And if I go nowhere at all, I will be in the historic center of the city of Puebla, a world heritage site full of 400-500 year old buildings, massive and elaborately decorated cathedrals, lively plazas, and hundreds of restaurants and cafes.
I spent most of the day reminiscing, thinking about all of the positive things that this experience has given me. As the day came to a close, I turned off my computer and headed home. But, as I approached my house, my mood suddenly changed. The same thing happened that happens almost every day; I had to cross the street. Every Peace Corps volunteer has their things, their annoyances, those common every day events that drive them crazy. And when those things get to be too much, some volunteers pack up and head home. When a Peace Corps volunteer decides to leave early they are asked to do a report explaining why. One former volunteer in this situation said that aside from the typical stress of starting a new job, moving to a new house and having to make new friends, the salt wouldn’t come out of the shaker. No matter how hard the volunteer shook it, the salt just wouldn’t come out. The volunteer got fed up and had to leave forever. I’m sure most travelers to the tropics can relate.
And I sure understand. You go through an incredibly long and painful selection process just to get into Peace Corps, complete with the poking and prodding and the scraping and drilling of medical and dental exams. And when you finally get in, and get what you wanted, you realize that what you wanted and what you got was to be stuck in some foreign country for two years where the water makes you sick, the food gets boring (you can have five-hundred names for a taco, but it’s still a taco), the nearby volcano keeps inching closer and closer to exploding and killing you all, and the people speak a foreign language all day, every day, not just in an hour-long class.
My thing is crossing the street. You see, where I come from, the pedestrian has the right of way. I know, there are drivers that aren’t aware of this and some that just don’t care, but in general, this rule holds true. In Puebla this is not the case. There are very few marked pedestrian crosswalks. The stoplights aren’t programmed to consider walkers. Drivers don’t stop at stop signs. And if you are at an intersection crossing the street, walking parallel with flowing traffic, drivers will turn into you, without using their blinkers, without slowing down, and just zoom right passed you as if you weren’t there. In fact, if they do manage to notice you, they will be mad at you for being there. It doesn’t matter if you are an old lady or a small child, if the car is turning into your crosswalk, you better move out of the way fast. The only thing that a driver will do so that no one dies is to honk the car horn as a warning. I’m convinced, though, that this has less to do with not wanting to kill you and more to do with the fact that no one in Mexico has auto insurance; it would be prohibitively expensive to scrape all that human goo off the hood of the car, but I guess not so expensive that slowing down is in order.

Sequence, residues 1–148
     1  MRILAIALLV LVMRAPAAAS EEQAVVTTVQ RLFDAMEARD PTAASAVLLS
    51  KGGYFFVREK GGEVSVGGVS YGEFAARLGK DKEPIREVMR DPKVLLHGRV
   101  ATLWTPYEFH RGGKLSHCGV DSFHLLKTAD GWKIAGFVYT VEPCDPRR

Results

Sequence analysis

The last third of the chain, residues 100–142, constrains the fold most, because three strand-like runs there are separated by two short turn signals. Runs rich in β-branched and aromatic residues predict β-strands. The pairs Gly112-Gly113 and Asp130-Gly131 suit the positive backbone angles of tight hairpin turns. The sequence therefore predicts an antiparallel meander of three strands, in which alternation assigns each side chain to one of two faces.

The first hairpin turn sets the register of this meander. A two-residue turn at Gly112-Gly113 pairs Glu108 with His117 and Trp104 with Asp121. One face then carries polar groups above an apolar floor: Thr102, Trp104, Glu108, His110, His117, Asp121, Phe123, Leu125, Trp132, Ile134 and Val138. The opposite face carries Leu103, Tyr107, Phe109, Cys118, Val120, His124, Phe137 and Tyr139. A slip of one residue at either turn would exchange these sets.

And so, at a single intersection this afternoon, where several cars turned into my pedestrian crosswalk and tried to kill me, all giving me angry stares, I lost it. I kept it to myself, I never acted out, I never said anything to anybody, but I lost it. My mind raced. My fists clenched. I started to sweat. And I ran to cross the intersection as fast as I could.
Friday, July 27, 2012